The countdown is on: on June 23 the British vote on the withdrawal from the European Union (EU). The possible consequences are hard to imagine, also because it still seems so surreal that the UK could indeed turn its back on Europe. And yet, the danger is real and the EU opponents numerous. No matter how the vote will come out, the British pound will respond accordingly: with exchange rates rising, should the UK stay, and with rates falling, should it opt for an exit.
The refugee problem poses yet another challenge for the EU. It splits the community not only internally (Austria and Hungary), but also in relation to third countries – in particular Turkey. The European negotiators led by Angela Merkel, Martin Schulz and Jean-Claude Juncker – have to eat humble pie and ensnare the Turkish President Recep Tayyip Erdogan. The central issue here is the influx of refugees between Turkey and Greece, more specifically, the open Turkish borders to the EU external border. Streams of refugees coming through Turkey’s northern border to Syria are simply funneled from Turkey via Greece into the European Union, whereby the refugees are bound to endure a dangerous and often very expensive sea voyage. The agreement with Erdogan stipulates repatriation of those refugees back to Turkey, while in return the EU promises to take over all Syrian refugees directly after their crossing the Turkish border. This way the parties hope to run dry the lucrative business for the gangs of traffickers. Another highly controversial service-in-return is abolishing the visa requirement for Turkish nationals entering the European Union.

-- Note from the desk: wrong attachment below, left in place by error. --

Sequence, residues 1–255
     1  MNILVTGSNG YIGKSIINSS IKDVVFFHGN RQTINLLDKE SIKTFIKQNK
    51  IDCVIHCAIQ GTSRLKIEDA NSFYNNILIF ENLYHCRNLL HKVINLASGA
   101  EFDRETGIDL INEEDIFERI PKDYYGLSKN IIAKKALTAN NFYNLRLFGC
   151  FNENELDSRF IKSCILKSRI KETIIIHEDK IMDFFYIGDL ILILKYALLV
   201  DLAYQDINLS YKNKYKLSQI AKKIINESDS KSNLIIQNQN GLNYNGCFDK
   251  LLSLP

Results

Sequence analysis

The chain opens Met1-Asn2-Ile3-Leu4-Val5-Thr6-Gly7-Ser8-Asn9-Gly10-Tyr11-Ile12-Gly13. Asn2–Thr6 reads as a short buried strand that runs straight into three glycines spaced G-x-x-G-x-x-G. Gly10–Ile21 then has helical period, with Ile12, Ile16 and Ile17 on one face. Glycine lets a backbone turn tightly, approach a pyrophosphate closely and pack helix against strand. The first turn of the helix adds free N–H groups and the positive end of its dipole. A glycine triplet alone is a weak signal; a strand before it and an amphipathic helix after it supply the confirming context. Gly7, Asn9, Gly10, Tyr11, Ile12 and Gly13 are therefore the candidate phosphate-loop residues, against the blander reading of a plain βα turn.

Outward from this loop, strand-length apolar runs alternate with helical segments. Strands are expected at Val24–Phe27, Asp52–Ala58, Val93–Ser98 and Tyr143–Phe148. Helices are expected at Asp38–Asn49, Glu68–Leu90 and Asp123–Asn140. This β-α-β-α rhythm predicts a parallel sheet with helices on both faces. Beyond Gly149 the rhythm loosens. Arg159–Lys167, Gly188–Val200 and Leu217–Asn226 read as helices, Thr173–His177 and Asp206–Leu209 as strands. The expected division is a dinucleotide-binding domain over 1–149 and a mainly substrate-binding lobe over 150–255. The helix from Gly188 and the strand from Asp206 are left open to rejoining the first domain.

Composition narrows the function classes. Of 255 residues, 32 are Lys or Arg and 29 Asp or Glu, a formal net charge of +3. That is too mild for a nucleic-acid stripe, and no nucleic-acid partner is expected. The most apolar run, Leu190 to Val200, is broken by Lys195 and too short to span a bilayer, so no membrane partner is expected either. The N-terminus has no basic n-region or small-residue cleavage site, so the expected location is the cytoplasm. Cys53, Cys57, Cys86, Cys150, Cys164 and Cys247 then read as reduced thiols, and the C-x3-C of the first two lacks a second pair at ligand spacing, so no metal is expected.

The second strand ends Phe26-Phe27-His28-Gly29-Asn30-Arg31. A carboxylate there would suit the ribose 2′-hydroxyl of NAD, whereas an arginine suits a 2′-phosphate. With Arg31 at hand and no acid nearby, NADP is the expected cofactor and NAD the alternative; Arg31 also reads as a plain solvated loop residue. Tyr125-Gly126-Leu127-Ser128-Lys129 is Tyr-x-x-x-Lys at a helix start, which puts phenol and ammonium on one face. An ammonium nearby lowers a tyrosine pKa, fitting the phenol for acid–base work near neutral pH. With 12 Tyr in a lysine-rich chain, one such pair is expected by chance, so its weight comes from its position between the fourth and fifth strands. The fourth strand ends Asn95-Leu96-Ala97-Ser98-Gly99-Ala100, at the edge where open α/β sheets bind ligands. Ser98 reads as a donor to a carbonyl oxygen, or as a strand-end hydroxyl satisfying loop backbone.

Following the Brazilian parliament’s vote to impeach the president, Dilma Rousseff, and the senate following suit, Ms. Rousseff has been suspended for half a year from her office and will be temporarily replaced by the vice president, Michel Temer. As an extra perk he will have the honor to open on August 5 the Olympic Games in Rio de Janeiro. The economic implications of this power change are apparent in the Brazilian equity index rising by good 40 percent within the last three months, reflecting expectations of Rousseff’s removal and hopes for the new president to provide much needed impetus to the weakening Brazilian economy. The man at the top will face a trying task, as the intricate system of corruption in Brazil has by now permeated the whole society. When a fish stinks at the head, the rest is likely to be infested as well.
Austria has a new leadership. The office of the federal chancellor as chairman of the government (role equivalent to Angela Merkel’s) has been taken over by Christian Kern (SPÖ, centre-left social democratic party). Alexander Van der Bellen (Green party) has been elected in a knife-edge contest as the new President (role equivalent to Joachim Gauck’s in Germany). Although Austrian presidency is largely ceremonial, the actual influence on policy could be theoretically significantly broader. With Van der Bellen, it is for the first time in the European history, that a president is representing a Green party.
Your Wealth at a Glance.